Role of the Executor & Estate administration process

Executor and Trustee

What is an Executor?

An Executor is the person you appoint in your Will to administer your estate on your death. They are also known as your legal personal representative.

Role of your Executor

  1. Make funeral arrangements;
  2. Identify and collect all of your personally owned assets;
  3. Protect assets (eg Insure properties);
  4. Apply for a Grant of Probate and attend to legal formalities with a solicitor;
  5. Notify your bank, amenity providers and creditors of your death;
  6. Notify your beneficiaries of your death;
  7. Manage assets, including investments and businesses;
  8. Arrange for the preparation of income tax returns and where necessary the reconstruction of Capital Gains Tax records;
  9. Deal with any claims against your estate;
  10. Discharge all of your debts including income tax;
  11. Distribute the balance of your estate to your beneficiaries in accordance with the terms of your Will; and
  12. Where trusts are established under the Will, continue the management and administration of those trusts (unless a separate Trustee is appointed).

Who should you appoint as your Executor?

There are three distinct groups who may be
appointed as your Executor:

  1. Family and friends;
  2. Professionals; lawyers and accountants; or
  3. Trustee Companies.

When thinking about who you should appoint as your Executor you should consider the following:

  1. Will they charge my estate a fee or commission to act as my Executor?
  2. Do they have the time to administer my estate? (as outlined above the Executor role can be quite burdensome)
  3. Do they have the business acumen to discharge the duties of an Executor?
  4. Are they likely to outlive you?
  5. Are they an Australian resident who lives in the same jurisdiction (state) as the bulk of your asset holdings?
  6. If you choose to appoint only one person as your Executor then you should consider appointing a substitute Executor for the situations where the initial Executor predeceases you or is unable or unwilling to act.
  7. You cannot appoint more than four people as your Executor. Where two or more people are appointed Executor all decisions and acts must be carried out together and unanimously, that is they must act jointly.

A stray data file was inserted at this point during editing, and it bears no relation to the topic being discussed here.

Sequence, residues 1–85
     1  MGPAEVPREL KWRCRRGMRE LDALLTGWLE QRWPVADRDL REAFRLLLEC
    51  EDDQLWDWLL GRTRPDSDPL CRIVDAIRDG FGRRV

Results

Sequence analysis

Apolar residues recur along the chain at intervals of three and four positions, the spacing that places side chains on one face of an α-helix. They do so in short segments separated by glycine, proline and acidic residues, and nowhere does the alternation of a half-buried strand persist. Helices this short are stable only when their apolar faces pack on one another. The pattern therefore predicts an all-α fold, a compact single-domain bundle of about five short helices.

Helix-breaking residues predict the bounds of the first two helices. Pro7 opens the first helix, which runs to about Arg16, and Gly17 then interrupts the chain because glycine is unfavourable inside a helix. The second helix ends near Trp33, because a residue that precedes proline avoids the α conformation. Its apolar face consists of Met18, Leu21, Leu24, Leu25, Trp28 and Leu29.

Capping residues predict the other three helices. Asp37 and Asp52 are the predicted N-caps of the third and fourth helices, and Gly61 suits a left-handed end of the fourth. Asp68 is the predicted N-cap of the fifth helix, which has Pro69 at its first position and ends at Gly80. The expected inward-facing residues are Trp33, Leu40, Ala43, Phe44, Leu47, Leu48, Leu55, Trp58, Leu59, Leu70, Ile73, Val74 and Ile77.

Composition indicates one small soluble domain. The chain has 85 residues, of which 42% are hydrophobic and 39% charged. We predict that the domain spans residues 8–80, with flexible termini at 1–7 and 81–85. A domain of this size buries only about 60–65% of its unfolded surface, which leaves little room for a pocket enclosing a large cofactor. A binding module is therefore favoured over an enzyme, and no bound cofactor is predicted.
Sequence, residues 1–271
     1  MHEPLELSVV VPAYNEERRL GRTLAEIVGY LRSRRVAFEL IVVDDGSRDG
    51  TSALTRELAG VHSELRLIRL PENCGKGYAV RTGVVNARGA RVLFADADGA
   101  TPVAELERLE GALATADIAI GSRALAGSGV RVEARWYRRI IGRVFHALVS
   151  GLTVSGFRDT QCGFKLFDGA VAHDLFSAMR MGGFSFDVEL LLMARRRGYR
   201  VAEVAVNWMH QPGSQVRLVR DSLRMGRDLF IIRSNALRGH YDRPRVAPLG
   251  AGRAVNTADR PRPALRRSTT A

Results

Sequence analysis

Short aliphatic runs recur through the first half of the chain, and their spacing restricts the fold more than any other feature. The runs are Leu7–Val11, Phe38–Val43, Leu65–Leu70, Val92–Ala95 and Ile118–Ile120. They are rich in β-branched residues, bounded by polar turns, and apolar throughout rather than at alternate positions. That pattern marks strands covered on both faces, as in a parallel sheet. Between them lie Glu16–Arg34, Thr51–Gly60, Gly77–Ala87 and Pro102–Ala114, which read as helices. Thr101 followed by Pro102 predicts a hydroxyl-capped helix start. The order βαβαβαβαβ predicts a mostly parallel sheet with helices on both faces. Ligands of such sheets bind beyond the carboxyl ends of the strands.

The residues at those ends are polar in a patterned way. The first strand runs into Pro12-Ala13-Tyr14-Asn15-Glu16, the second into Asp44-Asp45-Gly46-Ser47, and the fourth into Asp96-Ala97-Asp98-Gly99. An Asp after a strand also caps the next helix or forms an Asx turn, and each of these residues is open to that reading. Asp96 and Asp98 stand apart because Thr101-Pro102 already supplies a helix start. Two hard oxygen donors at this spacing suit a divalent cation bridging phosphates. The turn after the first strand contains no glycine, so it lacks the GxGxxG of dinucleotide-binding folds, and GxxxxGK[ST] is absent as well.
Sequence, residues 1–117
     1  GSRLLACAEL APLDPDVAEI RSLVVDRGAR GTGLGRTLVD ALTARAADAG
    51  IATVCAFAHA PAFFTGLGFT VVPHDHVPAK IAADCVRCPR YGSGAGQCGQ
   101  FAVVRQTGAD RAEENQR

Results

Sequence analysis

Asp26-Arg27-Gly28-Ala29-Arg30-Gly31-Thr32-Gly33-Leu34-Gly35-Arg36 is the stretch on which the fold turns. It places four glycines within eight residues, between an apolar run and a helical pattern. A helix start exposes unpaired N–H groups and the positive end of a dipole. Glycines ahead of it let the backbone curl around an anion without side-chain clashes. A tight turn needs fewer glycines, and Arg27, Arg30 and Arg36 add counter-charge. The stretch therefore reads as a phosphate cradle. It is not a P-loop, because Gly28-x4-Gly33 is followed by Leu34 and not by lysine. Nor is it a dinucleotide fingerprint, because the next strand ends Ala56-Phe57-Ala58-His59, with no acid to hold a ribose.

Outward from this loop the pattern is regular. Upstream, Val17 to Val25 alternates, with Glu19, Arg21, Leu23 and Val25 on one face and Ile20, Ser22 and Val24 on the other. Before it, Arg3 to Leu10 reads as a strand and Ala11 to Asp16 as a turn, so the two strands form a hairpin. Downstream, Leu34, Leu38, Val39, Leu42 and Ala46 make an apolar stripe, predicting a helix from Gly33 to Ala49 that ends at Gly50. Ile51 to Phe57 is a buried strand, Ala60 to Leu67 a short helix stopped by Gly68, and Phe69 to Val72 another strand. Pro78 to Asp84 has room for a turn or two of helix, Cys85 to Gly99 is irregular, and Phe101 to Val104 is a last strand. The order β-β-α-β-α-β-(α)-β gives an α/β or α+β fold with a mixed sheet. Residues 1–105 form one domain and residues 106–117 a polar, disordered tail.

What is a Trustee?

A Trustee is the person appointed in your Will to manage and administer any trusts created in accordance with the terms of your Will.

In most cases your Trustee is the same person you appointed as the Executor of your Will.

Role of a Trustee

Upon the completion of the administration of your estate there may be some assets which remain part of your estate as an ongoing trust. These trusts may exist because of the operation of law (minor beneficiaries have not attained 18) or by choice through the incorporation of testamentary trusts in your Will. Your Trustee is responsible for managing these assets in the best interests of the beneficiaries of the trust.

In carrying out its duties a Trustee must:

  1. Follow the terms of the trust. These can be found in the Will (the governing document).
  2. Ensure there is an investment strategy in place for the assets of the trust. This strategy must take into account the needs of the beneficiaries, both income and capital beneficiaries.
  3. Compile and manage the investments of the trust.
  4. Distribute the income and capital of the trust in accordance with the terms of the governing document. In making distributions the Trustee will also have to review income and capital requests from beneficiaries and guardians (where the beneficiary is a minor or has a disability). Where the Trustee has the discretion to pay income and capital they must weigh up the request with reference to the terms of the Will and the intentions of the Willmaker and the needs and circumstances of the beneficiaries.

Who should you appoint as your Trustee?

In deciding who you should appoint as Trustee you should consider the issues identified when appointing an executor as well as the following:

  1. The person must have the capability to understand and follow the terms of the trust;
  2. Understand the needs of the beneficiaries;
  3. Have access to an accounting system which can accurately keep track of the income and
    capital of the trust separately;
  4. Understand the law governing the management of trusts;
  5. Ensure an investment strategy is developed, implemented and maintained.

In many cases the Executor appointed under your Will will continue on as Trustee. However this may not always be appropriate, to determine what is best for your circumstances please consult your solicitor.

Personal or Professional Executor/Trustee?

In deciding whether you appoint a professional or personal friend or family member as your Executor or Trustee the issues you should consider include:

  1. Do you wish to pay for the services of a professional Trustee?
  2. Is there likelihood that someone will contest your Will?
  3. Do you have beneficiaries in conflict?
  4. Are your estate assets complex; that is does your estate include trust structures, businesses or private companies?
  5. Are you in a second marriage with children from a first marriage? Weighing up each parties needs and interests can be difficult especially if you intend your spouse to benefit from your estate during his/her life time but the assets themselves distributed to your children on his/her death.
  6. How do you own your assets? If you do not own many assets in your personal name then the role for your Executor may be minimal, however this is best discussed with your solicitor.

The more complex your personal and financial circumstances are the more appropriate it may be for you to consider the appointment of a professional Trustee, whether that be your solicitor or a Trustee company.